The easy way to become a medical marijuana patient in New York

Once New York governor Andrew Cuomo signed the the state’s medical marijuana bill, 10-year-old Amanda Houser’s mother thought that there would finally be a solution to her daughter’s suffering. Amanda, a Dravet syndrome patient, had at least 1,000 seizures every month. After trying numerous different treatments and medications, marijuana was their last resort. Little did they know, the licensing of medical marijuana companies would take 18 months.

After the 18-month waiting period, many patients still lacked access to the medicine they needed. The murky legal status of medical marijuana stopped many medical practitioners from recommending the drug. Senator Kirsten Gillibrand (D-N.Y.), among other advocates, raised this issue with New York’s Health Department. But fearing federal prohibition, the agency opted to keep its strict regulations.

The Health Department has tried to address the early problems that medical marijuana patients and their doctors faced. It added qualifying conditions (increasing the number of patients), made registration for practitioners easier, and set up two courses about medical marijuana for doctors. The issues facing patients now are less glaring. In the 55,000-square-mile state, there are only 22 medical marijuana dispensaries for the 65,000 registered patients. While medical marijuana accessibility has (in some ways) improved, patients continue to face barriers to access treatment.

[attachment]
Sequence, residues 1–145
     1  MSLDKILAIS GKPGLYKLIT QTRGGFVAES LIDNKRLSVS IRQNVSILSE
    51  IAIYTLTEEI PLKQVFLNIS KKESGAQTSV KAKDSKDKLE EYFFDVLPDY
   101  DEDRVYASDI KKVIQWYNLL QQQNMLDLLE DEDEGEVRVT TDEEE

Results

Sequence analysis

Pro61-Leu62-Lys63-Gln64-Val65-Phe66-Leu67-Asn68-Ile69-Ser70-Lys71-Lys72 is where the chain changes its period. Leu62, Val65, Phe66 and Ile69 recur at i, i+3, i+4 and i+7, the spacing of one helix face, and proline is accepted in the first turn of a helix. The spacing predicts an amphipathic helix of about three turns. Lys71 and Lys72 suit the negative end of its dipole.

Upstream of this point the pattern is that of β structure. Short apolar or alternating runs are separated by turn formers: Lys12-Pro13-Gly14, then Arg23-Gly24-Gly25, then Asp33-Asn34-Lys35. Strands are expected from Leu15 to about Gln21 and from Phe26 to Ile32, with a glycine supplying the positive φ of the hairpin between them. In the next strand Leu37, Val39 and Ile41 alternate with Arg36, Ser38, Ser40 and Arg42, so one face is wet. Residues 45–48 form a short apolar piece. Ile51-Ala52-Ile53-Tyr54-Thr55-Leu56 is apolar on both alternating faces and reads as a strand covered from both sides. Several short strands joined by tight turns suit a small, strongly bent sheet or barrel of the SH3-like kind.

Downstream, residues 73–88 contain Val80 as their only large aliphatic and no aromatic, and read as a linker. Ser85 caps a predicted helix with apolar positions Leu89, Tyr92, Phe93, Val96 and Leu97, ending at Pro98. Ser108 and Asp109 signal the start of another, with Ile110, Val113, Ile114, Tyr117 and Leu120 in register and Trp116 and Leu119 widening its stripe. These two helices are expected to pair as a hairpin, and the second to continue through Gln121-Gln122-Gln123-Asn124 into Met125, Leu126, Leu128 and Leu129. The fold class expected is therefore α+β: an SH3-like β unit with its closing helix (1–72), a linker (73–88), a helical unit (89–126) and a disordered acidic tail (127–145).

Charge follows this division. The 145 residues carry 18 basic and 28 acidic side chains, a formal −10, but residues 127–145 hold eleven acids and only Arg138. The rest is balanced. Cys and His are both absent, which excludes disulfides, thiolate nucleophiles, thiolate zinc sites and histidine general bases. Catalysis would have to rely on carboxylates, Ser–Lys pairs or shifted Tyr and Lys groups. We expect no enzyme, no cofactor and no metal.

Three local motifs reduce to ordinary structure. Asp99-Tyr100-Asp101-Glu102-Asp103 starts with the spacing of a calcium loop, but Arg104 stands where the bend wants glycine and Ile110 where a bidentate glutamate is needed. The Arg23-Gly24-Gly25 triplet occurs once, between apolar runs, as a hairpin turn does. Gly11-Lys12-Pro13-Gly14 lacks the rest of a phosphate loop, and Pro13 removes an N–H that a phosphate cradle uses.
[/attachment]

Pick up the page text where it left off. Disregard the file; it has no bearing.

That’s where technology companies like NuggMD, HelloMD, and PrestoDoctor come in. These websites seek to help patients who are eligible for medical marijuana register for the program. Registering online is simple, especially for patients who have mobility issues or live far away from a participating doctor. For more, check out

How one doctor’s personal journey with cannabis helped her overcome the fear of stigma


When Dr. Junella Chin was 17-years-old, she was diagnosed with ankylosing spondylitis, an autoinflammatory disease of the spine in which the vertebrae begin to fuse together. Eventually, the spine begins to lose mobility. As she progressed through medical school, her condition worsened, and chronic pain hindered her ability to work in the hospital.

Finally, one of her attendings gave her a cannabis tincture to see if it would help her pain. After years and years of little to no relief with every treatment she tried, Dr. Chin finally found a solution. Though she had to overcome her fear of the stigma surrounding cannabis, Dr. Chin was inspired by her own pain relief and set out to learn as much as she could about medical marijuana. Now, she has integrated medical marijuana into her family practice and helps others find relief through cannabis. Learn more about her journey to cannabis and why we need more research into the field.